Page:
Most Common Mistakes People Make in Ballroom Dancing

Growing pains. That’s what we’re gonna call the most common mistakes in ballroom dancing. Your instructors know about them and expect you to make these boo-boos.

Here are the missteps that new ballroom dancers make.

Not changing weight is one of the most common mistakes.

This is a big one.  We all agree that ballroom dancing is moving around the dance floor with a partner, right?  In order to get around, there’s gotta be a change of weight from one foot to the other. 

For example, the man’s part of a very basic action, the Box step, is:

  1. Left foot steps forward.
  2. The right foot moves to the side of the left foot.
  3. The left foot closes to the right foot.  Change weight.
  4. Right foot steps back.
  5. The left foot moves to the side of the right foot.
  6. Finally, the right foot closes to the left foot. Change weight.

Six steps, six changes of weight.  It’s extremely important that you change the weight from one foot to the other each time you take a step.  If you don’t, you’ll probably have the next problem.

Stepping on your partner isn’t good.

There are a few different things that cause this.  Sometimes it‘s the issue of not changing weight.  In other words, you step with the correct foot and your partner doesn’t. To be sure, it’s one of the most common mistakes.

Also, keep in mind that the traveling dances, Fox Trot, Waltz, Tango, and Viennese Waltz, have the man stepping forward into the lady.  Awkward, no?  Yes.

In order to avoid an accident when stepping forward, the leader must be brave and step outside the follower’s feet with the left foot and between the feet with the right. This is accomplished by having a slightly offset relationship in the closed dance position.

(Listen to Nancy Sinatra here. She knows a little bit about stepping.)

Problems with the frame.

The frame is the name for how dancers hold their arms.  The arms are toned with a slight feeling of pressure between the partners.

In ballroom dancing, a leader communicates direction by transferring weight from one foot to the other.  When there’s body contact, it’s easy for the follower to feel.  When there’s no body contact, the frame conveys directional movement.

Bad dance posture.

From time-to-time, you’ll forget to hold your dance posture.  However, when you do, it’s difficult to move together as a team.

most common mistakes people make when learning dance

What is a good dance posture?  In order to achieve good dance posture, hold your head up with ears over your shoulder, shoulder over your hips, hips over knees, and knees over the center of your foot.  Not only does this look terrific, but it’ll also give you great balance.

Not paying attention to music can lead to missteps.

No matter how many steps you know, it’ll never feel good if you’re not moving to the music.  The first thing to do is find the beat.  It may be drums, percussion, the bass, or guitar, but that’s what you’re listening for.  That’ll tell you when to move.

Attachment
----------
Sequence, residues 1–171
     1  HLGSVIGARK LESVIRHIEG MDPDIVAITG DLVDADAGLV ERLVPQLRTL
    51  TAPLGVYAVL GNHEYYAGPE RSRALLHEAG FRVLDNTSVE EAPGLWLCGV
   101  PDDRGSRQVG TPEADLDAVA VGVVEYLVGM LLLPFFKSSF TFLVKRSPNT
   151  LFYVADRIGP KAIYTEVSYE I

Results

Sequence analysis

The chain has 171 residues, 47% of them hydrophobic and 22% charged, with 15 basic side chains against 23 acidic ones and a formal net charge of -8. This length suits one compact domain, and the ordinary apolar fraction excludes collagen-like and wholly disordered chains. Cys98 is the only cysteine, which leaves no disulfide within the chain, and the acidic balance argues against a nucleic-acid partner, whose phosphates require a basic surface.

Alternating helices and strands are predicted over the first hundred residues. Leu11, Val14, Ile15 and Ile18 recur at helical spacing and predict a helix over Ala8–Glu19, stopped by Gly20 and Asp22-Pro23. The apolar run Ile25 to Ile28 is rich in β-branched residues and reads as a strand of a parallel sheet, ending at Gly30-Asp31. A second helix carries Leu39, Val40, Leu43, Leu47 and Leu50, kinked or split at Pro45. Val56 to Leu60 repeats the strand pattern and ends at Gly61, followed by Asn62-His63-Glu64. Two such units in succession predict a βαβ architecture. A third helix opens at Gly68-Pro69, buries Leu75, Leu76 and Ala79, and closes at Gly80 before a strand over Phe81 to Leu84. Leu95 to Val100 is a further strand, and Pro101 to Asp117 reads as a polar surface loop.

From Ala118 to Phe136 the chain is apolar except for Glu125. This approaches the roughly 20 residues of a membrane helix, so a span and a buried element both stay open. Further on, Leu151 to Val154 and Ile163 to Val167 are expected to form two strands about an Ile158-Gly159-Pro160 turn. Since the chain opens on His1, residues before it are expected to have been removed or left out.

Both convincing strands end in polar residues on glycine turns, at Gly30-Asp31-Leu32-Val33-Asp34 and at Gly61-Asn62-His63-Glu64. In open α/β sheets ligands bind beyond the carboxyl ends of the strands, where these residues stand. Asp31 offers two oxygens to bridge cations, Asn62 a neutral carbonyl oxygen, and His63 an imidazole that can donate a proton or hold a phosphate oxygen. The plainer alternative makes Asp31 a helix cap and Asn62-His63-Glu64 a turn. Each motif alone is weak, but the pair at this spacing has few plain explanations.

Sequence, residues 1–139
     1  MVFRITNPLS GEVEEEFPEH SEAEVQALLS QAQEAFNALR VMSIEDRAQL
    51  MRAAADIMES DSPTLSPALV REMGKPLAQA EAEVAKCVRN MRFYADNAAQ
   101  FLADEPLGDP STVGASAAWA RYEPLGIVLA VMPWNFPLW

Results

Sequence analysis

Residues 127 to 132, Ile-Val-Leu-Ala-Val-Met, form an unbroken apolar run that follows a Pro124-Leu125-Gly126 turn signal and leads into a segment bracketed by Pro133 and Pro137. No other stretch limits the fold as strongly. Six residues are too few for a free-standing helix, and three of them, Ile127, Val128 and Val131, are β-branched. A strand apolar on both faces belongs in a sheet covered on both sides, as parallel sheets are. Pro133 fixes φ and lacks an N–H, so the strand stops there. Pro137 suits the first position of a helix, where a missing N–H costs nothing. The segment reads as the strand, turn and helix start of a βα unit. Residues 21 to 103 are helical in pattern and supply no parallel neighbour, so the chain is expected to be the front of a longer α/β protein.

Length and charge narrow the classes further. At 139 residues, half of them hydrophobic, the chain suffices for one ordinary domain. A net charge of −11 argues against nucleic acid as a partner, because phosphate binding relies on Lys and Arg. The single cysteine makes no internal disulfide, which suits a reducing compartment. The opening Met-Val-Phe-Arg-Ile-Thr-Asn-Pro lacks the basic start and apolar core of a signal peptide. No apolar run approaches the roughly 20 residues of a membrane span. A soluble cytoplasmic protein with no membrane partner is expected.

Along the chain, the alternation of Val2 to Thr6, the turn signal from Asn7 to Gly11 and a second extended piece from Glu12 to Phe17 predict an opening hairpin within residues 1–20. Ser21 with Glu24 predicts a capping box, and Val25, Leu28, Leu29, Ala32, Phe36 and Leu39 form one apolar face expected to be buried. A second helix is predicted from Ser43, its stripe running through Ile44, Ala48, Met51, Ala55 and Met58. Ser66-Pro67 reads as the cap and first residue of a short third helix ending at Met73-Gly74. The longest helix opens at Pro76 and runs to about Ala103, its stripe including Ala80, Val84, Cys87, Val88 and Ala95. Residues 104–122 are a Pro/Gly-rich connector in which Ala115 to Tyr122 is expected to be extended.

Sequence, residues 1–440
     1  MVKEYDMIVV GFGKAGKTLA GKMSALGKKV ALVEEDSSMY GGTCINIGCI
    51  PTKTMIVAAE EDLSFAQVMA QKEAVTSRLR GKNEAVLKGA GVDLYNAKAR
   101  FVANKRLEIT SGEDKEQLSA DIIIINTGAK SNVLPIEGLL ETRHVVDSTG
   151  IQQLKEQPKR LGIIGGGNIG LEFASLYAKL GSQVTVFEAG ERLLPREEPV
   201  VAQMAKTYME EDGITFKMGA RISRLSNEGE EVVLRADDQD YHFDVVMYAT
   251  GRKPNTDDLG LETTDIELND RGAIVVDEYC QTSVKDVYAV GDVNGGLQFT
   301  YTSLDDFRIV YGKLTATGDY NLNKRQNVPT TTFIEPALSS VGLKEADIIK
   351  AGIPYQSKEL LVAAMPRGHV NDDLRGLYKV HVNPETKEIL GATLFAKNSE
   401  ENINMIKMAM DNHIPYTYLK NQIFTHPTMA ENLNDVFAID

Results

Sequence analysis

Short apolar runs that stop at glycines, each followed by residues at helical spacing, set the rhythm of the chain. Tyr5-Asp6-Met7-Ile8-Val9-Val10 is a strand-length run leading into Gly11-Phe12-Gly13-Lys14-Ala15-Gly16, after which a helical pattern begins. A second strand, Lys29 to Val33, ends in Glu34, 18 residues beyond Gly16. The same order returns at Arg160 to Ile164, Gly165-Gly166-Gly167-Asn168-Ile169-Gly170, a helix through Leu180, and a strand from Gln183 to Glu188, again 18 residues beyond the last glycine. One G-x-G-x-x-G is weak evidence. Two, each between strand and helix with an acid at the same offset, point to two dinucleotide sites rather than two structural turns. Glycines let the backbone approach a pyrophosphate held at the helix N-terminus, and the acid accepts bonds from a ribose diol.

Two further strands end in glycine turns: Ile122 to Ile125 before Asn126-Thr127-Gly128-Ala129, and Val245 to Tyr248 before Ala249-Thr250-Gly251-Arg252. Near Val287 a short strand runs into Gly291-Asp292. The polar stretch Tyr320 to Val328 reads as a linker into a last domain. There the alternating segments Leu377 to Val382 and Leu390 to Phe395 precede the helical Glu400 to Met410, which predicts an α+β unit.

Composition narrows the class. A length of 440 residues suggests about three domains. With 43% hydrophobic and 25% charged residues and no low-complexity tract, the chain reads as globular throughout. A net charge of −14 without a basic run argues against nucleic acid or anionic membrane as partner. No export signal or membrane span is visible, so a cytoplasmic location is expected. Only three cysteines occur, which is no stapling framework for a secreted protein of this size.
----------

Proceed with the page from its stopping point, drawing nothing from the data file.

Please read the Dance Safari post, “Rhythmically Challenged?  It’s All in Your Head” for more on this.

Forgetting things you’ve been introduced to.

It’s important for you to know that forgetting is a totally natural part of learning.  As a matter of fact, you’ll find that during each lesson you’re remembering more and more.  Above all, give it time and enjoy the journey.

What are the challenges of partner dancing?


  • Stepping on your partner’s feet or getting your feet stepped on sometimes happens.  Ladies can wear closed-toe shoes if it occurs too often.  
  • Overleading is when a leader puts too much energy into things like underarm turns and spins. This will sometimes result in a sore shoulder for the follower.
  • If you’re dancing on a crowded floor, getting hit or kicked by another couple is a possibility.  Remember to keep things compact when you’re social dancing.


  • Communication errors in leading or following can be a problem, especially for beginners.  If you mislead or don’t follow something, don’t feel bad.  My advice to the leader is to attempt the move one more time.  If your partner misses it again, drop it and go on to something else.  That’s good manners and a part of ballroom dance etiquette.
  • The fear of being too close is a real thing.  On the other hand, ballroom dancing is meant to be done close.  Even so, some people are a bit reluctant to keep close contact, and that must be respected.  This is why a good frame and posture are so important.
  • Over-thinking and over-analyzing steps and techniques can take the joy out of learning.  Go easy on yourself as you progress. If you’re a technical learner, it may be difficult at first, but eventually you’ll be able to relax and feel the music.

It’s a given that you’re gonna make some of these most common mistakes when you’re learning ballroom dancing. Support and encouragement from your instructors, partners, and fellow students will help.

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  1. What you have said may sound simple when people read it but when confronted by it first hand, you are bound to always do some of those mistakes. I do agree with you. Hopefully this post will give beginner dancers the heads up to help them out on their ballroom dancing goals and to not feel discouraged when making them because even professionals had that problem when they first started, I’m sure of it

    • You are 100% correct. We all learn from our mistakes. My reason for the post was to give new-ish dancers the heads-up.
      Thank you so much for your thoughtful comment and for supporting all creative arts.

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